Let’s use Amberdata’s API to reproduce some of their results and see how we can determine future Bitcoin prices.
First let’s get actual Bitcoin prices since 2015 (we’ll use Coinbase prices):
- documentation: https://docs.amberdata.io/reference#get-historical-ohlc
- endpoint: market/ohlcv/btc_usd/historical?exchange=gdax&format=csv
Bitcoin prices (source: amberdata.io)
Bitcoin prices (source: amberdata.io)
Then we’ll need historical Bitcoin supplies so we can calculate the stock to flow ratio:
- documentation: https://docs.amberdata.io/reference#market-asset-metrics-historical
- endpoint: market/metrics/btc/valuations/historical?format=csv
Given the time series of Bitcoin supplies, we can easily derive the annual production by removing the total supply of 1 year ago from the current supply:
- annual_production(t) = supply(t) - supply(t - 1 year)
- stock_to_flow_ratio(t) = supply(t) / (supply(t) - supply(t - 1 year))
Bitcoin Supply (source: amberdata.io)
As proven by Nick Emblow:
[…] stock to flow does have a significant influence on the US Dollar price of Bitcoin.
We can estimate this relationship with by a power law — we use the logarithm of each value (price and ratio) to normalize the data and remove any trend or seasonality before applying linear regression:
Linear regression to estimate power law relationship (source: amberdata.io)
A R-Squared value of almost 93% supports the thesis that stock-to-flow has direct influence on the price of Bitcoin. Based on these results, we can now derive price as:
- price = e^(-2.464996674) * S2F ^ 3.470942032
And use this formula to estimate where the price of Bitcoin is headed, especially after the next halving in 20 days from now and in the years to come.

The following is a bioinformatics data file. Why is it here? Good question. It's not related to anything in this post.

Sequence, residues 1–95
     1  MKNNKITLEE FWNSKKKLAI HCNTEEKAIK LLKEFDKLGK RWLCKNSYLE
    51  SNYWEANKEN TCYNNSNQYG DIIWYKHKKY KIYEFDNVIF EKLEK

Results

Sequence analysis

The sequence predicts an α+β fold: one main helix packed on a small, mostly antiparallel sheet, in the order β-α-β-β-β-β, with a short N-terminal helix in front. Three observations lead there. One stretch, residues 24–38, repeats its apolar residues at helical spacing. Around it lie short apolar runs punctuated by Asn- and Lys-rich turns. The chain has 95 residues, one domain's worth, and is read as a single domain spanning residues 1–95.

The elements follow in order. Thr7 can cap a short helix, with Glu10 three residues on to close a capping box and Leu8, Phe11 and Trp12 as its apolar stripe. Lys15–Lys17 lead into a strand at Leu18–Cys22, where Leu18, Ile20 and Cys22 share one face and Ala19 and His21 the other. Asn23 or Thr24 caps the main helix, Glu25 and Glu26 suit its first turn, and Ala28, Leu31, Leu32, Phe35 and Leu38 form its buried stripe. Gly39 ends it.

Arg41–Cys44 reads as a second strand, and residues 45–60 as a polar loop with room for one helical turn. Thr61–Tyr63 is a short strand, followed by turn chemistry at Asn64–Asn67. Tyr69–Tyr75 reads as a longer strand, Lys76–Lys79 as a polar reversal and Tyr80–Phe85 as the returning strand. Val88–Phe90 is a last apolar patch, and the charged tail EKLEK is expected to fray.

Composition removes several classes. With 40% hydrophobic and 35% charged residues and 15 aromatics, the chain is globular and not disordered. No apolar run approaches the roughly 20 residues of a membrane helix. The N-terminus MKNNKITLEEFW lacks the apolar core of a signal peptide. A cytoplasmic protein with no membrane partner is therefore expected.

How good is the model
Now that we have the prices as predicted by stock-to-flow ratio and the actual prices, we can look at the difference between the two to get an idea of how much deviation exists between them.
Bitcoin price & difference with Prediction model (source: amberdata.io)
Interesting to note here how:
- deviation increases when the price of Bitcoin spikes
- both are pretty much a mirror image of each other
- as with any valuation model, deviation from the modeled price may be an indicator of a trading opportunity
It is important to remember here that the model is only as good as the original assumptions made to derive it, and we need to constantly (re-)evaluate if these assumptions still hold. In this case, we need to check for cointegration, which will give us an indication of how good the model holds, i.e. how much the price is drifting from the model (in the example above, it is most likely that stock-to-flow was not cointegrated with price around January of 2018).
In the future, we plan on adding cointegration metrics (like Residual Likelihood Indicator & Mean Reversion Indicator) to the API to indicate how trustworthy the model is at a specific point in time, based on the excellent work from Nick Emblow.
We have shown how using a traditional financial indicator (stock-to-flow ratio) can be applied to crypto assets like Bitcoin, and used to predict future prices, or at least the price expected order of magnitude in the next few years.
So, when will Bitcoin reach $100K ? On May 6th, 2021, according to this valuation model. Of course this should be taken with a grain of salt and does not constitute any financial advice of any sort. We can only wait and see how the market is going to unfold around the next halving.
The stock to flow ratio and derived prices are now fully integrated with our API, and users can retrieve these metrics at any point in time in the past or in the future.